28th September 2008 - first baptism in Salisbury Cathedral's new font

Salisbury Cathedral Font, looking south.JPG

On 28th September 2008, the Archbishop of Canterbury baptized the first people in new Cathedral font[1]

The Salisbury Cathedral website includes this, on the font:

The Salisbury font was designed by the renowned British water sculptor William Pye. It was installed in September 2008 and dedicated by the Archbishop of Canterbury during the celebration of the 750th anniversary of the consecration of the Cathedral. Cruciform in shape, the font has a 3-metre span to allow total immersion baptism. It is a green patinated bronze vessel with a Purbeck Freestone plinth and brown patinated bronze grating. Water is the predominant feature, and here two contrasting aspects of water are woven seamlessly together. There is stillness expressed in the smooth surface which reflects and extends the surrounding architecture, while the flow and movement of water passing through spouts at each of the four corners and disappearing through a bronze grating set into the floor expresses its essential life giving properties.[2]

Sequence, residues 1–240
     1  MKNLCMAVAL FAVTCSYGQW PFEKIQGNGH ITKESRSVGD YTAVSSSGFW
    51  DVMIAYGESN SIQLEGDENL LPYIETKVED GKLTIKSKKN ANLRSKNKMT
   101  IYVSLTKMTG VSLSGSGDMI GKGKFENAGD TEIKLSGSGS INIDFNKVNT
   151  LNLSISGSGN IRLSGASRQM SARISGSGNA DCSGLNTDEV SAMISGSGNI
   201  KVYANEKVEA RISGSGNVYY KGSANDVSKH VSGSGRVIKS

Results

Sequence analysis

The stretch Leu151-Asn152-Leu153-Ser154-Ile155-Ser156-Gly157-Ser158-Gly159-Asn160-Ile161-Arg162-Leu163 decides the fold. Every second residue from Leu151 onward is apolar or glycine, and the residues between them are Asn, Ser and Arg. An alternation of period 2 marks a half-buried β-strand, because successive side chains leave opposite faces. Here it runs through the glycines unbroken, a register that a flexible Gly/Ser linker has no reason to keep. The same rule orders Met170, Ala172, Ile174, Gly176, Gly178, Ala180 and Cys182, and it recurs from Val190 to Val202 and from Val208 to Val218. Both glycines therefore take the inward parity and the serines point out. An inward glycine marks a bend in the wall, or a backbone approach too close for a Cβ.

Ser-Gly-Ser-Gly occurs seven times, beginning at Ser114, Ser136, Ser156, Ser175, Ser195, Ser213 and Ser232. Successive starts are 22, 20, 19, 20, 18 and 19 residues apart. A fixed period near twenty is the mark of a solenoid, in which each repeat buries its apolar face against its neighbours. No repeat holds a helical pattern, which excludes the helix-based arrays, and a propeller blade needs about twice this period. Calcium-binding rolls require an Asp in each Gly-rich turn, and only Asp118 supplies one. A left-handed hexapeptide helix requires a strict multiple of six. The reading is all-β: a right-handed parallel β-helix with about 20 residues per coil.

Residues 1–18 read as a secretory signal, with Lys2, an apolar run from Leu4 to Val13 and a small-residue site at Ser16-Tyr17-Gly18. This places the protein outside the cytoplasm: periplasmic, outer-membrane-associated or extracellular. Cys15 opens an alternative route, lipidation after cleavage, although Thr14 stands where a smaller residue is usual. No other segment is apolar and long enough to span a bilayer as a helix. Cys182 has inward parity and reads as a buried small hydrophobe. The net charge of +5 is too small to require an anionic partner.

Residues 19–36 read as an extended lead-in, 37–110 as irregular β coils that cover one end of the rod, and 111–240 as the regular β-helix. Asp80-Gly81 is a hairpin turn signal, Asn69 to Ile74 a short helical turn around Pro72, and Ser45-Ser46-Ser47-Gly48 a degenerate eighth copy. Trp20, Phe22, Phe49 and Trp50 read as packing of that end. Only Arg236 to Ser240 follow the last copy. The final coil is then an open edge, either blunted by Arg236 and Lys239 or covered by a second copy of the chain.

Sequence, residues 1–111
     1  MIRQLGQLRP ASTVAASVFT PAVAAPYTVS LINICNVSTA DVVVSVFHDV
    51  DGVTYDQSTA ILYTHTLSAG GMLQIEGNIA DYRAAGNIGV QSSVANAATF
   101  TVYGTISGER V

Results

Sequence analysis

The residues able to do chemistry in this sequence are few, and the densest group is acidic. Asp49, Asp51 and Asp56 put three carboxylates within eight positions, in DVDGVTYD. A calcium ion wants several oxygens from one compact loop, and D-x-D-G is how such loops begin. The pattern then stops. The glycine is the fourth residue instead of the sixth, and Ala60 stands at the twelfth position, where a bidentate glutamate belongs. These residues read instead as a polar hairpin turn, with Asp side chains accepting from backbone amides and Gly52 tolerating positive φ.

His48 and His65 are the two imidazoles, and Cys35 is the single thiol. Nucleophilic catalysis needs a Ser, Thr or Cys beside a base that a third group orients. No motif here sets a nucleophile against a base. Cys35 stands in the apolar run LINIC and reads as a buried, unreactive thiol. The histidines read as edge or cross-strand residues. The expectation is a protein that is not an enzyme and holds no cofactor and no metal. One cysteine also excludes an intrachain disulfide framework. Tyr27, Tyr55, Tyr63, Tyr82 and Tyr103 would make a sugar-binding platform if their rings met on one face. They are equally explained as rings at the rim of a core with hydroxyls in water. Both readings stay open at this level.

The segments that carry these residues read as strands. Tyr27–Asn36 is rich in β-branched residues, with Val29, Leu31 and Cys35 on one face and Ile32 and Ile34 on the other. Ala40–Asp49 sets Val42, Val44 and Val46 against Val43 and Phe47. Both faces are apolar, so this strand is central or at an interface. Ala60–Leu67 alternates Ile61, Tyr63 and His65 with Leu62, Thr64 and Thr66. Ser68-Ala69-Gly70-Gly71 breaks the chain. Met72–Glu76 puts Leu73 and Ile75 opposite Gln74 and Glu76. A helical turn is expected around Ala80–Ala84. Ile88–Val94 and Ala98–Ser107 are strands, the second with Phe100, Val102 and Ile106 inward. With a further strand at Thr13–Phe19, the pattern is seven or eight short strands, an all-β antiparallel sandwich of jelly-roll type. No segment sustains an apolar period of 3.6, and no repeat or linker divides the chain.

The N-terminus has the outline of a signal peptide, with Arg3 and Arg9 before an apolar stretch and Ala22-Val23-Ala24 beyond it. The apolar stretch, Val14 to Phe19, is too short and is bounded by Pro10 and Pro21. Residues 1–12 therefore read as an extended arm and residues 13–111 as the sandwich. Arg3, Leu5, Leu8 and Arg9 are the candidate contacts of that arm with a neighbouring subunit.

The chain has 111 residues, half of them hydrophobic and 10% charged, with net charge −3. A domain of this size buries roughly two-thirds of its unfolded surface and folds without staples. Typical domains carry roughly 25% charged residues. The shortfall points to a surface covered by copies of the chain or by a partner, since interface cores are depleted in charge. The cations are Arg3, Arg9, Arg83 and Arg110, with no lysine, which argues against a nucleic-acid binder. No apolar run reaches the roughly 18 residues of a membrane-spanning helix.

The sculptor’s website says:

Water is the predominant feature of this work, its surface reflecting and extending the surrounding architecture, while four smooth filaments of water pass through spouts at each of the four corners of a bronze vessel and disappear through a bronze grating set into the floor. The base is clad in Purbeck stone. Here two contrasting aspects of water are woven seamlessly together: stillness expressed in the reflecting surface, and the flow and movement though the spouts expressing its essential life giving properties.[3]

Footnotes

[1] Salisbury Cathedral: funky font makes a big splash - Telegraph, URL: http://www.telegraph.co.uk/news/features/3637709/Salisbury-Cathedral-funky-font-makes-a-big-splash.html

Image

By Richard Avery (Own work) [Public domain], via Wikimedia Commons

[2] Cathedral Font | Salisbury Cathedral

[3] Salisbury Cathedral Font - Work William Pye Water Sculpture